From the first one I'm flashing back to this Mary Tyler Moore episode where Lou Grant is trying to get a woman to marry him (yeah, it wasn't your typical episode) by promising her a honeymoon on a train with big windows that runs through Canada.

"And everywhere you look... Canada!"

I pine for the days when train travel was more popular. I love taking short trips on them and the idea of a longer trip with an old-fashioned dining car sounds fun. Then again maybe it's one of those "It's great if you don't actually have to do it" things.
I've done both dining and overnight. Dining was astonishing, mainly because (1) it was Europe and (2) I paid a lot for it. Full meal with the Alps going by outside at sunset = priceless. Overnight I've done in an old sleeper car, but I can't sleep well on trains - bunks are small and there's always some noise or light or bump or announcement. It's like sleeping on a plane, tbh. But still, v. cool and worth doing once, and worth paying for the best you can manage.
Oh, that sounds fantastic. That's been on my to-do list since I learned about the Orient Express when I was a kid.
It doesn't need to be the Orient Express, it just needs to be a country (or region) with lots of train experience, and a decent seat/compartment. I wouldn't go for more than a 24-hour experience or you'll discover where the limits of comfort are, and you'll miss a lot besides. :)
One of the greatest joys of travel to Eurpoe is the ability to move about by train. City-centre to city-centre, convenient, fast, comfortable. I love it! It's so sad the US "free market" system destroyed a great transportation mode.
That does sound great. I doubt I'll ever get to Europe let alone be able to pay for an expensive train trip there, but you never know...
Oh man. I just went to Seattle by train (after a detour through NOLA and Chicago), and while it wasn't the most comfortable ride I've had (since I slept in chairs for most of the nights), it was pretty darn awesome. And I adored my time when I had a sleeper car and a dining car to go to. Like write_light said, it's kind of difficult to get a really sound sleep unless you're one of those people who's out for the count at the drop of a hat, but it's a fantastic experience. These ads really make me want to go again.
i've done chicago to san francisco and chicago to seattle, both in sleeper cars with full dining, and, though expensive, i agree - it's a great way to travel. the rooms are not luxurious, but comfortable, and the dining is really pretty amazing for a mode of transportation. we spoke with one of the chefs, and he said they get off the train at several stops and pick up fresh, local food to serve.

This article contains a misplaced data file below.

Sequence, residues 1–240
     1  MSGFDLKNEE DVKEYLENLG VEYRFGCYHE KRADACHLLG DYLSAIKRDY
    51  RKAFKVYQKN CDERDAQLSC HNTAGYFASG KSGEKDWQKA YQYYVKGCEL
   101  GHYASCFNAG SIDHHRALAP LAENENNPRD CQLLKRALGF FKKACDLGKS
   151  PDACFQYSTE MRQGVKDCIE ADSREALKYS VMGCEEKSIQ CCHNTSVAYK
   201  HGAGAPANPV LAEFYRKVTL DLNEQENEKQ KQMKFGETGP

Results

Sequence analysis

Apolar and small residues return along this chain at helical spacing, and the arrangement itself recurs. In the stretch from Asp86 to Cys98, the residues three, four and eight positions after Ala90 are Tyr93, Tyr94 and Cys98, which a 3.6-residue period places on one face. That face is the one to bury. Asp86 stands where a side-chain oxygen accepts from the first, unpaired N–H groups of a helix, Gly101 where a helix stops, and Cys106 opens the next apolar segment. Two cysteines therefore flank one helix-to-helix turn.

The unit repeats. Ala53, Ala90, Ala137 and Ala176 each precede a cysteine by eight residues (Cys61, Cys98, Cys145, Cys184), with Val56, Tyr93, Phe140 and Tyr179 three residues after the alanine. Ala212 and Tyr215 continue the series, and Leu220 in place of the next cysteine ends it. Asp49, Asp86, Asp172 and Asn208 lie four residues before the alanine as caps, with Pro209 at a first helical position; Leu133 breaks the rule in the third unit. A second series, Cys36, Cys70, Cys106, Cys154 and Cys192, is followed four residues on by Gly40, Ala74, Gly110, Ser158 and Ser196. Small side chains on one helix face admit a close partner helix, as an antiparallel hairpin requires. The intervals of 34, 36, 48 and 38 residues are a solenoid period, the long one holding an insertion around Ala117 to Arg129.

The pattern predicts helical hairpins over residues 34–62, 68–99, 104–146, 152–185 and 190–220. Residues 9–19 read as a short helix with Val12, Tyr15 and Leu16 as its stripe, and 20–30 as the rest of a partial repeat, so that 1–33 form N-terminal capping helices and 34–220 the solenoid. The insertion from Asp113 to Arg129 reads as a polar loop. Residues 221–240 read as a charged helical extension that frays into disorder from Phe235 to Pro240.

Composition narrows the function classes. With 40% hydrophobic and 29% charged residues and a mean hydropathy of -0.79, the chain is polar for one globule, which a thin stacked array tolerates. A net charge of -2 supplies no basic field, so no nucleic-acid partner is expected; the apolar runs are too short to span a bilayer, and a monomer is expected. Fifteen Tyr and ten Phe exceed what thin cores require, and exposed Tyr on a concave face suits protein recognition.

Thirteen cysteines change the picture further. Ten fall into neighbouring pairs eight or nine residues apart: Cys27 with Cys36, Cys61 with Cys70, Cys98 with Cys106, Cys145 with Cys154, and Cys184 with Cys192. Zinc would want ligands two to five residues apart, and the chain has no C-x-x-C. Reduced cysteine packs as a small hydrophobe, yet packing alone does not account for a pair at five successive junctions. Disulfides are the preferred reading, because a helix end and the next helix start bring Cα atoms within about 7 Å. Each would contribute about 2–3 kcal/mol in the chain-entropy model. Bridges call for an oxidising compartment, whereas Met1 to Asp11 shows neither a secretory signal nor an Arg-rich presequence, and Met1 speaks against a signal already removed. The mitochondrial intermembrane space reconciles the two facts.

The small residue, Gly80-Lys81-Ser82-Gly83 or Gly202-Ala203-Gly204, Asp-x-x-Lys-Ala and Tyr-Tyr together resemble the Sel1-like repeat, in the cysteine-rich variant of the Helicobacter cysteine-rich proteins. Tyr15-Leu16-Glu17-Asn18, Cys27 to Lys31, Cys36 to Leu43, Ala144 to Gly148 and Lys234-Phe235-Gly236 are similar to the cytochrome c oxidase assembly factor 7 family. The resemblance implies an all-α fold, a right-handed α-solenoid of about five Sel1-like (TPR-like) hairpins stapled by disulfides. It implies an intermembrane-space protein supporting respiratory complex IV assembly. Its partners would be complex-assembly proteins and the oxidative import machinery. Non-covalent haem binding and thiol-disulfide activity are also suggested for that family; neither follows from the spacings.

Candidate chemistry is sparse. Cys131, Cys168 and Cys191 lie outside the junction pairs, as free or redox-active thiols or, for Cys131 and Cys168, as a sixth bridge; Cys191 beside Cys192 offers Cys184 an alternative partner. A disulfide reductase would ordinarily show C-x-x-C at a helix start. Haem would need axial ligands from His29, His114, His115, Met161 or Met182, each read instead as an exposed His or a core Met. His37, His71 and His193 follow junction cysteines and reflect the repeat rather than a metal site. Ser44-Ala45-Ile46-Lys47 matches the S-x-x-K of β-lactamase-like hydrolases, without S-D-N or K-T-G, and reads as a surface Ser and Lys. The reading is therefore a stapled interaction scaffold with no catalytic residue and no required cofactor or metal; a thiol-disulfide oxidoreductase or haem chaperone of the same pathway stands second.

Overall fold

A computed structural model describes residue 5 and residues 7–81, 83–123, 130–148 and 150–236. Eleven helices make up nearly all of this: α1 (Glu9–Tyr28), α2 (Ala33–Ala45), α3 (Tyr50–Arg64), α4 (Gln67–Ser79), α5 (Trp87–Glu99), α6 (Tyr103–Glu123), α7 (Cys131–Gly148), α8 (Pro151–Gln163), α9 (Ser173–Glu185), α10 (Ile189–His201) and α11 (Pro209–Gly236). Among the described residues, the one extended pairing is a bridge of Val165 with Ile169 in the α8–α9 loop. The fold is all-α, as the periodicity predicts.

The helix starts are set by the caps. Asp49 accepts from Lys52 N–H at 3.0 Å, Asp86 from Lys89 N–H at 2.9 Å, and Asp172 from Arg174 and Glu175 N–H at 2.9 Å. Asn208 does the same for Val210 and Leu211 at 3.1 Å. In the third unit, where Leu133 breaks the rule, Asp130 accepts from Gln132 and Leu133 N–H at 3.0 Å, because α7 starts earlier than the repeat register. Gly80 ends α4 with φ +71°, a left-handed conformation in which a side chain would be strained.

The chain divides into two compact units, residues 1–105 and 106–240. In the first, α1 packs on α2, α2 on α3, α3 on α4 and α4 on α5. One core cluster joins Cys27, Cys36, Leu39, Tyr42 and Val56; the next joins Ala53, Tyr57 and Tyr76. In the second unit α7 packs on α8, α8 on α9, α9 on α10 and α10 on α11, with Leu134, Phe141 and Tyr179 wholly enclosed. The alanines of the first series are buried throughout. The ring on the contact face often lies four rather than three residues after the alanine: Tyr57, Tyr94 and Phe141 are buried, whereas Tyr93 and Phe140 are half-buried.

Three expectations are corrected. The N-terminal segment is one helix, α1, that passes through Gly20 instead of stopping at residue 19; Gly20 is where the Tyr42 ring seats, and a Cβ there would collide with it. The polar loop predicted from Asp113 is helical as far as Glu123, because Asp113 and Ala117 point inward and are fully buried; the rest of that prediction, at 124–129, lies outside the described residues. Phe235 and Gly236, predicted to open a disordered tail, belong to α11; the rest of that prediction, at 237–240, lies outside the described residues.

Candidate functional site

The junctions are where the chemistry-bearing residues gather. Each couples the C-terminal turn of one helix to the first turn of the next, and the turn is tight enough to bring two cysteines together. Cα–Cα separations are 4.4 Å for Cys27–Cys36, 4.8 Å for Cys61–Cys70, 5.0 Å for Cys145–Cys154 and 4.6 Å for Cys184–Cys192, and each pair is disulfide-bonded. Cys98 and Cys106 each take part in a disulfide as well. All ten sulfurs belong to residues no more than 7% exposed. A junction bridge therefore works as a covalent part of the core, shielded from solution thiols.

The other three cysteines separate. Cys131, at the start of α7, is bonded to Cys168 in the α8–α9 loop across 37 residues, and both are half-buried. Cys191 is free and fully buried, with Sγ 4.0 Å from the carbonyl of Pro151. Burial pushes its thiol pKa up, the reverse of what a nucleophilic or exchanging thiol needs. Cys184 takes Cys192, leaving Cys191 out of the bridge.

i know it's popular to bash the u.s., but amtrak (with help from the government) has managed to keep train travel here pretty nice, as long as you live near a line and want to go where it goes.
To Seattle after a detour through New Orleans and Chicago? Where did you start?
I want to do the whole Agatha Christie murder travel tour thing! Solving mysteries on ships and trains, and perhaps enticing other gentlemen of negotiable affection!

I would dress up in white tie, suit, top hat and all, to attend a nice dining car on a train ride.
Even with train travel's drawbacks as listed by other posters, I'd still take it in a heartbeat over air travel. At least you're not treated like cattle trying to board, for one thing. And train travel just seems more civilized, especially the dining car! Beats tiny packets of overpriced junk food offered by the airlines as your 'meal' now.
My BEST TRIPS EVAR have always been on trains. I'm so looking forward to going cross-country again :)
Thanks for these great ads. My folks and I took the Empire Builder (Great Northern and then Amtrak) out to Seattle to visit relatives several times. Seeing that part of the country while being able to relax etc. was amazing.

I haven't used a sleeper berth as an adult; it's good to know they're still worth it!
I traveled cross country by Amtrak in September 1996 -- the Lake Shore Limited from New York to Chicago, then the now-defunct Desert Wind from Chicago to southern California. (Most of the route paralleled the current California Zephyr that goes to northern California, though the route shifted somewhere in Utah.) Loved it, though I slept in my coach seat, changing clothes daily in a large restroom. The scenery was magnificent, especially the Rockies, and so was the food. Every American should travel cross-country at ground level at least once during their lifetime; it will enable you to grasp the scale of this nation and give you a feel for how it developed.